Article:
Canada: Canadian organisations issue joint statement on the federal Justice Minister report “Criminal Justice System’s Response to Non-Disclosure of HIV.”

AN IMPORTANT, MODEST ADVANCE ON WORLD AIDS DAY Federal and Ontario governments take first steps toward limiting unjust HIV criminalization, but must work with community and experts to go further The following statement is issued jointly by the Canadian HIV/AIDS Legal Network, the HIV & AIDS Legal Clinic Ontario (HALCO), Canadian Positive People Network (CPPN), the Ontario Working Group on Criminal Law + HIV Exposure (CLHE), and the Canadian Coalition to Reform HIV Criminalization: December 1, 2017—

Today, after years of advocacy by community organizations, both the federal and Ontario governments have finally recognized the need to limit the “overcriminalization of HIV” in Canada. They have each taken a first step toward that end— specifically, by recognizing that a person living with HIV who has a suppressed viral load should not be criminally prosecuted, because this is at odds with the science. This morning, the federal Justice Minister released her department’s long-anticipated report, “Criminal Justice System’s Response to Non-Disclosure of HIV.”

The report contains a number of important conclusions warranting a more limited application of the criminal law than is currently the case. In particular, the report explicitly recognizes that HIV is first and foremost a public health matter, that the use of the blunt instrument of the criminal law should be a matter of last resort, that the application of the criminal law to HIV non-disclosure is likely to disproportionately affect people Indigenous, gay and Black people. The report also recognizes that it is problematic, in at least some circumstances, to use the law of sexual assault to deal with allegations of HIV non-disclosure.

Meanwhile, the Ontario Attorney-General and Minister of Health have released a joint statement confirming that “HIV should be considered with a public health lens, rather than a criminal justice one, wherever possible,” and that in light of the overwhelming scientific consensus for cases where an individual has a suppressed viral load for six months, Ontario’s Crown Prosecutors will no longer be proceeding with criminal prosecutions in such cases.

These are welcome first steps. But what is needed is deeper, broader reform. Earlier this week, the Canadian Coalition to Reform HIV Criminalization (CCRHC) released a joint Community Consensus Statement endorsed by more than 150 organizations across the country, from the HIV sector and beyond. Developed through several months of cross-country consultation, the statement shows clear consensus against the current overly broad use of the criminal law in Canada against people living with HIV and the urgent need for action from federal, provincial and territorial governments.

The Community Consensus Statement declares that, in accordance with international guidance, criminal prosecutions should be limited to cases of actual, intentional transmission of HIV. It also specifically identifies circumstances in which criminal prosecution for alleged HIV non-disclosure is clearly inappropriate. In particular, the Community Consensus Statement declares that HIV related criminal charges are not appropriate where a person living with HIV engaged in activities that, according to the best available scientific evidence, posed no significant risk of transmission, which activities include: § oral sex; § anal or vaginal sex with a condom; and § anal or vaginal sex without a condom while having a low viral load.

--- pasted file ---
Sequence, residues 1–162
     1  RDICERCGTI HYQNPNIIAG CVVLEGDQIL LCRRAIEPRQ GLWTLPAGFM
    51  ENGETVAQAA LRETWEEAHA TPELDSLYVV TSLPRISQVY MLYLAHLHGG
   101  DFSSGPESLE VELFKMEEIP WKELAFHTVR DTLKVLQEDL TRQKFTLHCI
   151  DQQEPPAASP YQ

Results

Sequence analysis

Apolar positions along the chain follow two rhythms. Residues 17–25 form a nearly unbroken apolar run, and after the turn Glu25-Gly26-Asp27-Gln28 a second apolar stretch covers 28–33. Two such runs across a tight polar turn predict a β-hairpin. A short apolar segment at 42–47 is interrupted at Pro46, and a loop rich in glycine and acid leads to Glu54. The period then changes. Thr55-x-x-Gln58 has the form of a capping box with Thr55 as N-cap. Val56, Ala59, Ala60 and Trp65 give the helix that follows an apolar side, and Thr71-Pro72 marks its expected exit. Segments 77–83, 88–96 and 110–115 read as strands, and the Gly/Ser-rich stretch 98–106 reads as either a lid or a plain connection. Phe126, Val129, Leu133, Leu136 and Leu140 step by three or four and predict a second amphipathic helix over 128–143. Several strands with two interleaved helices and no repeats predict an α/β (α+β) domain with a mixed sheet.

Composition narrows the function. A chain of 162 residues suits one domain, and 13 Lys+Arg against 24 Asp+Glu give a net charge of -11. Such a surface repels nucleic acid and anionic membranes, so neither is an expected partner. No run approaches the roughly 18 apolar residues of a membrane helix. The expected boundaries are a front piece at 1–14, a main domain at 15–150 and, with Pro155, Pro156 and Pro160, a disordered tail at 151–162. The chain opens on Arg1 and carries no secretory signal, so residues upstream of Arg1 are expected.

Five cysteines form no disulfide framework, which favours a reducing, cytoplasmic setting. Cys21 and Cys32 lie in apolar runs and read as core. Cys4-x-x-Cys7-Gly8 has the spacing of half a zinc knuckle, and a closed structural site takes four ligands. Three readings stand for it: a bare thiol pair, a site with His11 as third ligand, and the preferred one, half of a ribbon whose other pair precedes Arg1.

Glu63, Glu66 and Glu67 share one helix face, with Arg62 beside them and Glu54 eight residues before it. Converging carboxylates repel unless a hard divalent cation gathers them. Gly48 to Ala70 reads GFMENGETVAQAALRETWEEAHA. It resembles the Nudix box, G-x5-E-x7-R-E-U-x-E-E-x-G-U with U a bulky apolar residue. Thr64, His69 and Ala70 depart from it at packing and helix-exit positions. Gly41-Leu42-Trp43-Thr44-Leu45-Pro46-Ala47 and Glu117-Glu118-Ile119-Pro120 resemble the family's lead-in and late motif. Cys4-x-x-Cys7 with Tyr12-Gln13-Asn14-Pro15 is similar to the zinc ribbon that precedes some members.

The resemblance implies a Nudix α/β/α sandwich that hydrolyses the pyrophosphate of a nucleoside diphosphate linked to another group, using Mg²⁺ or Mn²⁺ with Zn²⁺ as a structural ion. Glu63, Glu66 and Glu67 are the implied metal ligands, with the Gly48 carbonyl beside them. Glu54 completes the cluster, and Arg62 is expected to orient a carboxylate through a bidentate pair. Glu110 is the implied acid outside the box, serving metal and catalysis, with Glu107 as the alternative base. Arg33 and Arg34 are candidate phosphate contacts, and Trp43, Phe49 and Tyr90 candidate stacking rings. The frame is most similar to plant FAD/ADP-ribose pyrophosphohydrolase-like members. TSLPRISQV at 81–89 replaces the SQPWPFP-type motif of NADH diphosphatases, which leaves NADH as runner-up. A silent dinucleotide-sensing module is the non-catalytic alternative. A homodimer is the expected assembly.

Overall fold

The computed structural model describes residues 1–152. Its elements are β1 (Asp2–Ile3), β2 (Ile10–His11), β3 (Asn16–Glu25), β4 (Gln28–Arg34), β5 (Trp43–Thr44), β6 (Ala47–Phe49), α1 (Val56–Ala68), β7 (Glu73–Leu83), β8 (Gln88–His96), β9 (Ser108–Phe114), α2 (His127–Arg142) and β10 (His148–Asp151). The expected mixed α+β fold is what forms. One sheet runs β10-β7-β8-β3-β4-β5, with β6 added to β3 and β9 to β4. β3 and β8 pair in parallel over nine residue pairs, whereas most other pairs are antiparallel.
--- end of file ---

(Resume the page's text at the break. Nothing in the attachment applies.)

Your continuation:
It is encouraging, therefore, that Justice Canada’s report recommends that the criminal law should not apply to people who have a suppressed viral load.

Furthermore, Justice Canada recommends that: The criminal law should generally not apply to persons living with HIV who: are on treatment; are not on treatment but use condoms; or, engage only in oral sex (unless other risk factors are present and the person living with HIV is aware of those risks), because the realistic possibility of transmission test is likely not met in these circumstances.

These conclusions need to be reflected in clear prosecutorial directives issued by federal and provincial Attorneys General. However, the announcement today by the Attorney General of Ontario – which province accounts for more than half the prosecutions to date in Canada – falls well short of this, as it only commits to refraining from prosecutions in cases where someone has a suppressed viral load.

These conclusions by Justice Canada should also be recognized by judges across Canada when they are called upon by prosecutors to apply the existing legal framework, under the law of sexual assault as it has been interpreted by the Supreme Court of Canada.

However, it remains that case that prosecuting HIV non-disclosure as sexual assault is misguided and damaging, not only to people living with HIV but also to the integrity of the law of sexual assault. We therefore welcome Justice Canada’s conclusion that, in the absence of intent to transmit HIV to a sexual partner, sexual offences are not appropriate.

As declared in the Community Consensus Statement released earlier this week, HIV non-disclosure must be removed from the reach of sexual assault law. We note that the Ontario Attorney General has explicitly echoed the call by the Canadian Coalition to Reform HIV Criminalization to examine potential Criminal Code reform.